Another Real Winner in Wisconsin—Real Clear Politics
My colleagues and I went out on a limb yesterday when we wrote an op-ed piece saying that teacher unions were in trouble—both with the electorate and among teachers themselves. We reported a shift of 7 percentage points against the unions between our 2012 Education Next annual poll, the full results to be released this summer, as compared to results we reported one year ago. Teacher opinion against those who claim to represent them shifted even more dramatically. Never before had we detected such a swing against the unions.
So I watched the news last night with a worried eye after CNN told me that the exit polls in Wisconsin showed a tight race, with each candidate expected to get 50 percent of the vote. Wow! I thought. So all the polls leading up to election day were wrong. Only the Democratic pollsters, Public Policy Polling, came close with their prediction that the race had tightened to within 3 points, indicating that either side could win. Did our Education Next poll get it wrong? Had the Wisconsin electorate shifted against the governor? Had there been no shift against public sector unions after all?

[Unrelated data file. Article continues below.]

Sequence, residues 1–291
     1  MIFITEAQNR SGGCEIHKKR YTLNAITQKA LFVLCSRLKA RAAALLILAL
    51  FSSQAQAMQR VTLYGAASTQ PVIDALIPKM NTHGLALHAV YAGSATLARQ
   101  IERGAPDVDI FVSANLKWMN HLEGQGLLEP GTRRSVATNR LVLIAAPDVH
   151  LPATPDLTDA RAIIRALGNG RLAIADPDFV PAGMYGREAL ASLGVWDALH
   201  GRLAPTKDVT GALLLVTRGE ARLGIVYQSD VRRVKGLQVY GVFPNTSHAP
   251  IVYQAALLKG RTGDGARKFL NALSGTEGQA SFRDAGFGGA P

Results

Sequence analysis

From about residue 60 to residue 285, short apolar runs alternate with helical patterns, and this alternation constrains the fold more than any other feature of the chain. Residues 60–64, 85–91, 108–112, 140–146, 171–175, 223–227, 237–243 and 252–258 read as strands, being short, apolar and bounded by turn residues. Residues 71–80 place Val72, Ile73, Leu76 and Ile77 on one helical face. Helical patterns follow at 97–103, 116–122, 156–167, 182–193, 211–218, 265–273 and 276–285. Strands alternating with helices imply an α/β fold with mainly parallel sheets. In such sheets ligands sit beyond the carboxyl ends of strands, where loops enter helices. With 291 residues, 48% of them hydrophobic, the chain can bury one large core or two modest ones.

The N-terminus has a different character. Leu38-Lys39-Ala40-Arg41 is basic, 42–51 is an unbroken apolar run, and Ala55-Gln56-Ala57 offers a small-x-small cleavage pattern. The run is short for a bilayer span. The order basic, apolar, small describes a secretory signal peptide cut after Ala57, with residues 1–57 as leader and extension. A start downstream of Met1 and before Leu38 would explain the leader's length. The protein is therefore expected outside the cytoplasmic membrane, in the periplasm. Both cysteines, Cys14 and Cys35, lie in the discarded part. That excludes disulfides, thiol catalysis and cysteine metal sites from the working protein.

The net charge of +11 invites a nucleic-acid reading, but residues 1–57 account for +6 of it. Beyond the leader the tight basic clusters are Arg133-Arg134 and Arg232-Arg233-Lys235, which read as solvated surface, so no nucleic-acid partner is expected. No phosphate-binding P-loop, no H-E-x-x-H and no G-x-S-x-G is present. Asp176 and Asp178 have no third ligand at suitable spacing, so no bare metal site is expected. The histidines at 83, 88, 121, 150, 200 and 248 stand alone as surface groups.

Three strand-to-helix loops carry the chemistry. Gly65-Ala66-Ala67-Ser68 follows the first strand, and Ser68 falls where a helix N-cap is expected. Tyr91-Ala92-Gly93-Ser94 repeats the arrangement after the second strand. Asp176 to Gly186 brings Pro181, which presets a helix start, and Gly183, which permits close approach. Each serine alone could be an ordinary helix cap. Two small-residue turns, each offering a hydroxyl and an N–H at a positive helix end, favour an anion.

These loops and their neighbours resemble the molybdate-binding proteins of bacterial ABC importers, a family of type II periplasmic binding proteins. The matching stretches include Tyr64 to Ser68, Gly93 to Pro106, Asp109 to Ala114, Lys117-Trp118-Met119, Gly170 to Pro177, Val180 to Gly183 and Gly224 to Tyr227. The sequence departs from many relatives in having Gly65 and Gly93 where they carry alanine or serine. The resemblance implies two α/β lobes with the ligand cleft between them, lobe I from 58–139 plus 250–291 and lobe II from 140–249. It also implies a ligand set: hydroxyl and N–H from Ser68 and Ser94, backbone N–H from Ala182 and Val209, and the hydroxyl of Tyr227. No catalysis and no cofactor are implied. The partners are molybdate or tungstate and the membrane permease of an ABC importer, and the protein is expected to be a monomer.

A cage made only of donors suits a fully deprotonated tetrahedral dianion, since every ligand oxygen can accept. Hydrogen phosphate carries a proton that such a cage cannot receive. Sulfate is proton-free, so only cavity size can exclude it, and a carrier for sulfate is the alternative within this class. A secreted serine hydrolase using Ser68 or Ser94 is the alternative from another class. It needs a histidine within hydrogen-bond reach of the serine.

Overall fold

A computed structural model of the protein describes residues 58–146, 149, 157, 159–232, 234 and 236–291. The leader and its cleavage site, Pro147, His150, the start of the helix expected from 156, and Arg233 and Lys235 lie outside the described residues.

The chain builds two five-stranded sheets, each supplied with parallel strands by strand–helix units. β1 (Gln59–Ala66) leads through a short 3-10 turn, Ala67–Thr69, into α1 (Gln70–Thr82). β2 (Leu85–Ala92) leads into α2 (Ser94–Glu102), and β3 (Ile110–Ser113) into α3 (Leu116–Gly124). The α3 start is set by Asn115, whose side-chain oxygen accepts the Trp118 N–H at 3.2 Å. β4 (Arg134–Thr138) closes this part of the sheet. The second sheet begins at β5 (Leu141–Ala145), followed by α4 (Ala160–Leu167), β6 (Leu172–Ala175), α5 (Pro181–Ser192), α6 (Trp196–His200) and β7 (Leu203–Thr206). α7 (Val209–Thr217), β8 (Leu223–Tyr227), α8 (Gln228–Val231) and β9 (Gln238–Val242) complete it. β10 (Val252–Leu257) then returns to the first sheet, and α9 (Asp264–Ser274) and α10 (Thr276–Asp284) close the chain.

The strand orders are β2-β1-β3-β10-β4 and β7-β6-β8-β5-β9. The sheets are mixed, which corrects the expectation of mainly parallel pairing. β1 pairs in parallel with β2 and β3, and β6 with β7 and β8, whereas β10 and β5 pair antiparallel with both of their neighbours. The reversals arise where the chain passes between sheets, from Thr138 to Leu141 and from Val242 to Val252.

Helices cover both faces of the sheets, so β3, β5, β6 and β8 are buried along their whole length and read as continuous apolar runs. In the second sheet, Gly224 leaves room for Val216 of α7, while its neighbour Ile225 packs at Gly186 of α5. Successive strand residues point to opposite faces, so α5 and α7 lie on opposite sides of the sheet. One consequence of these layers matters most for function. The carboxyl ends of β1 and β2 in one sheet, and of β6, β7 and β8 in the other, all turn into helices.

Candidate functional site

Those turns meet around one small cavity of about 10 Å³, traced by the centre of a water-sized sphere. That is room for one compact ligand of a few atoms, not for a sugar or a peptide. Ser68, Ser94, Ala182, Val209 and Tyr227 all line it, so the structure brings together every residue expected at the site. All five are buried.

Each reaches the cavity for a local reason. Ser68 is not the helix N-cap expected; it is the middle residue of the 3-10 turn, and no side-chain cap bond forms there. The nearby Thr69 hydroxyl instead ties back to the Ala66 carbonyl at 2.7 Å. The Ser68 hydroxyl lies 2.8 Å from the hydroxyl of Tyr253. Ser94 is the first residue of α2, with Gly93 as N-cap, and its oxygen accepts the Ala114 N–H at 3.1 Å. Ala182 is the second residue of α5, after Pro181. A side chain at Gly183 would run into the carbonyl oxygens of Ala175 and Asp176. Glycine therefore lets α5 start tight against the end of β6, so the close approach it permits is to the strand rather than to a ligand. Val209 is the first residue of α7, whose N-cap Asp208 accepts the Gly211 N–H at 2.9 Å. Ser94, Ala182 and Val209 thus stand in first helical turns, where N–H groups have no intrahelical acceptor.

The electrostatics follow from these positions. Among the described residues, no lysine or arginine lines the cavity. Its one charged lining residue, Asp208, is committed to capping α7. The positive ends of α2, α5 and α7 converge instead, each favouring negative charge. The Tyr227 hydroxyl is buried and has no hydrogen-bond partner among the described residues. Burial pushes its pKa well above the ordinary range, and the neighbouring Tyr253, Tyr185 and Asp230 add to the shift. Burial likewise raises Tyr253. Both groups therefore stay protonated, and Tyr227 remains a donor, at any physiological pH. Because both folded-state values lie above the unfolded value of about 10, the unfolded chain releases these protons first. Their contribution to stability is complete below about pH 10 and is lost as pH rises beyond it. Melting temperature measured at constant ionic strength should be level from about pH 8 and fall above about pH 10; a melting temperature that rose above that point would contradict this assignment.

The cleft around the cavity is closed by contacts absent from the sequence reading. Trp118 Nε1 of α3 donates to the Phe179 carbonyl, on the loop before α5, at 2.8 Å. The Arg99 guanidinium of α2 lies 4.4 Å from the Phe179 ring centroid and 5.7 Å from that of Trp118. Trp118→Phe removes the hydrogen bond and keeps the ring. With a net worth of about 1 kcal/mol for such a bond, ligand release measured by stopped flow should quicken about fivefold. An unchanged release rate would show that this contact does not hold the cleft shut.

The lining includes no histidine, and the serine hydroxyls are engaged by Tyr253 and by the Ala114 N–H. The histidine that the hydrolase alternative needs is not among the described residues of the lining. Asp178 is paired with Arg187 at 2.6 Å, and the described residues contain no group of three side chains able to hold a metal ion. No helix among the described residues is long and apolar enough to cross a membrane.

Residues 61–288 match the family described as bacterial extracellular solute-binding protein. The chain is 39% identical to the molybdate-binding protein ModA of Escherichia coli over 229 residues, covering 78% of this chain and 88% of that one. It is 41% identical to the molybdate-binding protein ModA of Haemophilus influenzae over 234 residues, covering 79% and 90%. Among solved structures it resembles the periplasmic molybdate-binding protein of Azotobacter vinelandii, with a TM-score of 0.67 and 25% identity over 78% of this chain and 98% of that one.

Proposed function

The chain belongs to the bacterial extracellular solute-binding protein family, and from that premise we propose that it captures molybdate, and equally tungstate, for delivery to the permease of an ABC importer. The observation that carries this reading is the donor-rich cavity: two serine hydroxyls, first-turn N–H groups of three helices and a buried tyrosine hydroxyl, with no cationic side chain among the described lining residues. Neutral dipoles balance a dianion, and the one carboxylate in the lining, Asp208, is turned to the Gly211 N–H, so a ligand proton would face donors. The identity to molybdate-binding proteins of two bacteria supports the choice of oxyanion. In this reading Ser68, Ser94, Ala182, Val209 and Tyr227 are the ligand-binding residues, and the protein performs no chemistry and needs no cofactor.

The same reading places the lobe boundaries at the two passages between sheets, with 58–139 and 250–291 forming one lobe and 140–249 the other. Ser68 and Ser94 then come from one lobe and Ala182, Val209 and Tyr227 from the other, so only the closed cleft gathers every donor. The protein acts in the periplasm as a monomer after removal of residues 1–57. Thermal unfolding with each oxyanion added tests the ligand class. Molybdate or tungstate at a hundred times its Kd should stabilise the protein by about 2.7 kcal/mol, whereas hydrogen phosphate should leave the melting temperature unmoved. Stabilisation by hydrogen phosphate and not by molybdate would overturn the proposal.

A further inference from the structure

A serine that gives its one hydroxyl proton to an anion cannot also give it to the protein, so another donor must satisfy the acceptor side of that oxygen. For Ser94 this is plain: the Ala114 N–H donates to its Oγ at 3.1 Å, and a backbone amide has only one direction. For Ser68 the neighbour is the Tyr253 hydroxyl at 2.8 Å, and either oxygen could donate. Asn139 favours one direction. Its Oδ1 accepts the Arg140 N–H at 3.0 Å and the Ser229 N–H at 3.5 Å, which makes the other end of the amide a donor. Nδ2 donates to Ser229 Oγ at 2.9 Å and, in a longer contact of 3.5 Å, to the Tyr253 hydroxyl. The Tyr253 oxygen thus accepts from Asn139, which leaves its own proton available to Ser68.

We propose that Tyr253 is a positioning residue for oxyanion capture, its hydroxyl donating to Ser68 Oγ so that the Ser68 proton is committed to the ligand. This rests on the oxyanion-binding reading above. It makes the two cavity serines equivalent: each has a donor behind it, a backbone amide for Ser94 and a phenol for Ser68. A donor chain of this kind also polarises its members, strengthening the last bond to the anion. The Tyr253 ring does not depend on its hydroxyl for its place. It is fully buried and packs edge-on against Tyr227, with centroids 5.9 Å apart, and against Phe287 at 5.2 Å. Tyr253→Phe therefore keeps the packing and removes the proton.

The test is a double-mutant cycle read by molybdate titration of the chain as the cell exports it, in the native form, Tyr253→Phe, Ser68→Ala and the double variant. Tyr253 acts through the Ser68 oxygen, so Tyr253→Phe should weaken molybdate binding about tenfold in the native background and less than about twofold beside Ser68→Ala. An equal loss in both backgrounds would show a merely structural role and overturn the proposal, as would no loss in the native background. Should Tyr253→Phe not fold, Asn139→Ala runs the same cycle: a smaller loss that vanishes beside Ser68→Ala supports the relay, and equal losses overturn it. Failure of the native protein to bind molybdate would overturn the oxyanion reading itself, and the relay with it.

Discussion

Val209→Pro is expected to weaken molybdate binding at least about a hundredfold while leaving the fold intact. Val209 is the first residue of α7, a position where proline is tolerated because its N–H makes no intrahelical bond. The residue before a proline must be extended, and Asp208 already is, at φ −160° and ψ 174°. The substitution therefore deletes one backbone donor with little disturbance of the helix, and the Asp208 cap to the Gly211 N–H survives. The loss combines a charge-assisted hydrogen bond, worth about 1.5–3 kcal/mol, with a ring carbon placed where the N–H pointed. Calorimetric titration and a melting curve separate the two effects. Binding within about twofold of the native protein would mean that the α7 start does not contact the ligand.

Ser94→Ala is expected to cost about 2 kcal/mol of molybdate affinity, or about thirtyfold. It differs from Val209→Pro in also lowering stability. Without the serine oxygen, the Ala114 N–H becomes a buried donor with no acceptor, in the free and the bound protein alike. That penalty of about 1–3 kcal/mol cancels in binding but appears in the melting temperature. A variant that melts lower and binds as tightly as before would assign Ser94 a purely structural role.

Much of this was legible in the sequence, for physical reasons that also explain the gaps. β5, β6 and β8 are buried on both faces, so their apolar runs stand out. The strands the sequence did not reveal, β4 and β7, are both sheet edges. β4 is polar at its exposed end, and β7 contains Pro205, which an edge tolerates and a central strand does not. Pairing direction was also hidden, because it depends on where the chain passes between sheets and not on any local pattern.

In the days leading up to recall day, it seemed that Walker would win the race fairly easily, because Real Clear Politics (RCP), which calculates the average of all publicly reported polls, said that Walker had a 6.7 percent margin, and I had learned from earlier elections that the RCP average is better than any one poll at predicting the result.
So what was the final result?—a Walker win by 6.9 percent. The RCP average was much, much better than the exit polls administered after the voters had cast their ballots!
Talk about a home run! Congratulations to Real Clear Politics!
Never believe any particular poll (other than the Education Next poll, of course), but do believe the average of a bunch of polls. Right now, the RCP average tells us Obama is leading Romney by 3 percentage points. That number does not tell us what will happen on election day, but it does tell us that the incumbent president has a slight advantage today in a race that remains highly contested.
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